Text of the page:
“It’s the privileged feature of radical circumstances that a rigorous application of logic leads to revolution” (The Invisible Committee from The Coming Insurrection, p. 28)
“At some point quantitative changes lead to qualitative shifts and we need to take seriously the idea that we may be at exactly such an inflexion point in the history of capitalism” (David Harvey, The Enigma of Capital, p. 217)
I want to highlight two issues that Rich noted in his careful analysis of this meeting before suggesting the necessity of revolution as a pedagogical process.
One, I also noted that the organizers and the attendees at the meeting were largely well-meaning educators, students, social service providers, veterans, and other workers who were doing their best to organize resistance against austere budget cuts, particularly, and an irrational system, generally. Their success with the M4 protests and organizing earlier this year, indeed, bodes well for the upcoming actions.
However, to highlight another point of Rich’s, the organizers were averse to any discussion that dealt with why things are as they are—online or at the meeting. While having large numbers of participants protesting the budget cuts, imperialist wars, racist incarceration, ICE raids, etc. is crucial, making sure participants understand the underlying causes of these issues is even more critical.
Having the opportunity to interrogate it openly is fundamental.
The Invisible Committee, active in the protests in Greece, referenced above offers the following observation about organizations:
“Organizations are obstacles to organizing themselves. . . .There is no gap between what we are, what we do, and what we are becoming. Organizations—political or labor, fascist or anarchist—always begin by separating, practically, these aspects of their existence. It’s then easy for them to present idiotic formalism as the sole remedy of the separation. To organize is not to give structure to weakness. It is above all to form bonds. . . .The degree of organization is measured by the intensity of sharing—material and spiritual” (p. 15).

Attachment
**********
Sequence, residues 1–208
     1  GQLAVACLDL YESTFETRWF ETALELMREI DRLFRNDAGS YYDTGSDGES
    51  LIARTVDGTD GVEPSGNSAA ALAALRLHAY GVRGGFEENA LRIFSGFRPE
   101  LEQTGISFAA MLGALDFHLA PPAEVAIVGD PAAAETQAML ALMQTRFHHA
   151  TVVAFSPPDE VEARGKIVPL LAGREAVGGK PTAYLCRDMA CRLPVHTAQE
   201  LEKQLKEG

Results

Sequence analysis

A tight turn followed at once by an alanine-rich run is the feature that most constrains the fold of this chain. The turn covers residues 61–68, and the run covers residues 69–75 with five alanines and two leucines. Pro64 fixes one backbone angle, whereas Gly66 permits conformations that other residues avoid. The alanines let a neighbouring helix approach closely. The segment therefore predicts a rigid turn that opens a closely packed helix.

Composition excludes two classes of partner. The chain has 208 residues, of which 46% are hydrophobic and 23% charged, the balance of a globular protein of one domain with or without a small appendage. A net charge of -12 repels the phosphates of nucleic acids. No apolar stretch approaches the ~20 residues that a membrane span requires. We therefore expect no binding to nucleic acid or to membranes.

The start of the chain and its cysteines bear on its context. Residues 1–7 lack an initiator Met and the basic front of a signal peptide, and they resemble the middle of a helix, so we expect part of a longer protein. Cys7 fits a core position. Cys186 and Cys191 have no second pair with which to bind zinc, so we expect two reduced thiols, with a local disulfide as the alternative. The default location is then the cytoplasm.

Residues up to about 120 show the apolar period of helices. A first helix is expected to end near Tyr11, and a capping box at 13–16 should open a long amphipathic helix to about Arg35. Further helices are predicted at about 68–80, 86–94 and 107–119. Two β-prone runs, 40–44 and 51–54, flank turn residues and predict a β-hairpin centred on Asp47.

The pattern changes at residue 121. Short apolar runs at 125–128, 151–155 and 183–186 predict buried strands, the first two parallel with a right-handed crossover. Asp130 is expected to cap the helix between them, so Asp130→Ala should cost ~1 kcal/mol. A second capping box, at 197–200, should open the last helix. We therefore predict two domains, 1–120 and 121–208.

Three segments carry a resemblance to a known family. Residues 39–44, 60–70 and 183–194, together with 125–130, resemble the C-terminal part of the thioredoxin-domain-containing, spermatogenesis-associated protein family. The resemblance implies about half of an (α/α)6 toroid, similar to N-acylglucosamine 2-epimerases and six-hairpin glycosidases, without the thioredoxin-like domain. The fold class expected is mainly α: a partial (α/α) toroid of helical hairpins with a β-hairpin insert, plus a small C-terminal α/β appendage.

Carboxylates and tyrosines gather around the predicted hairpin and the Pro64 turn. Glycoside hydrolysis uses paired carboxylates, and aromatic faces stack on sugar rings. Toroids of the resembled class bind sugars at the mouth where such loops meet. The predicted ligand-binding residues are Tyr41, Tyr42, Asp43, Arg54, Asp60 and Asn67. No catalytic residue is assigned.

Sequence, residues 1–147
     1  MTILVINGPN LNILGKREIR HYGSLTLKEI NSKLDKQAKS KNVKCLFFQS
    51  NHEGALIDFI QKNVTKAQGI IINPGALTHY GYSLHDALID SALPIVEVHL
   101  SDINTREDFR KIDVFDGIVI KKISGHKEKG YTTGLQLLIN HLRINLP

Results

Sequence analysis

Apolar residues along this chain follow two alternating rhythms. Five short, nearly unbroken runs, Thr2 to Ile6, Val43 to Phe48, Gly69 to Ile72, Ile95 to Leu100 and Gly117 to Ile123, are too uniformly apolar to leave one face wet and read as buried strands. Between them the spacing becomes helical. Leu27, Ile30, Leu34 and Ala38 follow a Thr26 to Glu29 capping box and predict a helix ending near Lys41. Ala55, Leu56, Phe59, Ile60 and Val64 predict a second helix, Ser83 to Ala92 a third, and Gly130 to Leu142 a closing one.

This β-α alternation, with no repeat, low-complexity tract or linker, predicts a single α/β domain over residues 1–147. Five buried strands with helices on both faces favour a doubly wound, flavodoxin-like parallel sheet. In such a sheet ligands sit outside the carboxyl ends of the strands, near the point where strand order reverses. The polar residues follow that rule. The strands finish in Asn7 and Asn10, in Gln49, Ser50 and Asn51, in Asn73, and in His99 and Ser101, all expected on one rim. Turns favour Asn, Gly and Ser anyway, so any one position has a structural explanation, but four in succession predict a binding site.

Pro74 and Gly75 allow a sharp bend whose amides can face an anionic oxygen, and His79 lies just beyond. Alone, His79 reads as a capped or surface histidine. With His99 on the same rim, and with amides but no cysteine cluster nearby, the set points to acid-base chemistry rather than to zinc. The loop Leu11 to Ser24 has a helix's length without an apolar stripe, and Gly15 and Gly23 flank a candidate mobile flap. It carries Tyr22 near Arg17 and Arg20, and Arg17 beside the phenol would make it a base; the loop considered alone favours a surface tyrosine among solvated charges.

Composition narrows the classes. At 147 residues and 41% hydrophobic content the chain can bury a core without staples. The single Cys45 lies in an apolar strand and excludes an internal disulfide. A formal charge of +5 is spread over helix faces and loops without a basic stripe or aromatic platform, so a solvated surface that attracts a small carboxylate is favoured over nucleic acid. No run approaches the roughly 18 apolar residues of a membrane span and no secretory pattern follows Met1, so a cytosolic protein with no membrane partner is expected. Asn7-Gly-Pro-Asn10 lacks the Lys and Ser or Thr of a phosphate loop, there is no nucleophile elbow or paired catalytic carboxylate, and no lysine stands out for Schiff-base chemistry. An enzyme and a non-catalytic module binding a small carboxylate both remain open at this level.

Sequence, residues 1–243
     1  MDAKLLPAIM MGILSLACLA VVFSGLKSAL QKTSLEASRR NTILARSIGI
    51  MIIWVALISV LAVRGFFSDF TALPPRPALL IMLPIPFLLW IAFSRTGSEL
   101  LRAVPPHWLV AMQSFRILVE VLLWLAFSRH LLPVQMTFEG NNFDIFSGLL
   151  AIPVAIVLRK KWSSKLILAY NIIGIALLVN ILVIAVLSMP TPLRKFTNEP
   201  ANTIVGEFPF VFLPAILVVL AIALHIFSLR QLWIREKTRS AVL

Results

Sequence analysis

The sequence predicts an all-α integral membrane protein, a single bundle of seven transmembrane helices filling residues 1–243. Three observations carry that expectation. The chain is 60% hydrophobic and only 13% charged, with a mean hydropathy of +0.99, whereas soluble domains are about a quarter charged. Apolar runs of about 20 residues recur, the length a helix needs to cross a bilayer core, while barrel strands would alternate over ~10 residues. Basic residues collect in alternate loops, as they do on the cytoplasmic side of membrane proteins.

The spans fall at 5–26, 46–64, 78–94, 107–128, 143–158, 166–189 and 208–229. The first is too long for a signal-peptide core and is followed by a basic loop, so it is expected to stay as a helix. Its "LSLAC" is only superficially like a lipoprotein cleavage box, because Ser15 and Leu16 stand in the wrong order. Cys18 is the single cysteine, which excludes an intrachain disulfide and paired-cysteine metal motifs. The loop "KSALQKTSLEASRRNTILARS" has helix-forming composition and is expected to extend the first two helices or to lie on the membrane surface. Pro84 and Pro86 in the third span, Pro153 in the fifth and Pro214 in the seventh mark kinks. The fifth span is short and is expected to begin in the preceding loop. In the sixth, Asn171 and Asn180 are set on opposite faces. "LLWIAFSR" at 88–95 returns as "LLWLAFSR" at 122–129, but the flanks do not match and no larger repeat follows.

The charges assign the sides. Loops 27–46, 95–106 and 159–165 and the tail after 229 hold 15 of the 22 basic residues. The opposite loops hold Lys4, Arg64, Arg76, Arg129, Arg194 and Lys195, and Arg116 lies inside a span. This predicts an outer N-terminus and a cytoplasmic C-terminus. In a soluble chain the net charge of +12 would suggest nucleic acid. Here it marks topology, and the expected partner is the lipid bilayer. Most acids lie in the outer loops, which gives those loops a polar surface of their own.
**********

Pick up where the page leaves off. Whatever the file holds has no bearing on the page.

How can we avoid becoming our own worst enemy? And, how can we become material and spiritual support for one another?
As David Harvey concludes his latest text, The Enigma of Capital, he argues that we need some sort of animating vision for this ‘radical circumstance’ grounded in a ‘rigorous application of logic’ that helps create new mental conceptions of our world.
These conceptions can only be constructed through action, examination and dialogue. Indeed, building working class conscious militancy is important, but not at the expense of ongoing action. What shall we base our reflection on? How will we experience the gravity of our animating theory?
And, likewise, we cannot solely act. A day of action is necessary and symbolic. Days of action are imperative. But, these are empty without an understanding of why things as they are.
And, that means, I think, that the revolutionary project has to have a pedagogical component. Perhaps, it is central to the entire endeavor.
For me and my K-12 classroom, for instance, I have been searching for the intersection of liberation, curriculum, and student experience (comprised of individual traumas, structural oppression, nine years of mis-schooling, varying levels of confidence and skill, etc.). How can I shape the revolutionary subjects necessary to help tip the inflexion point toward the necessary qualitative changes?
When we teach math, social studies, language arts, and science, can we credibly do so in a way that is separate from the growing militarization of our schools and society, gang and drug infestations in our communities, rampant unemployment, a school to prisons pipeline, the assurance of our students’ ignorance through standardization and a teach-to-the-test mafia-like pressure on teachers?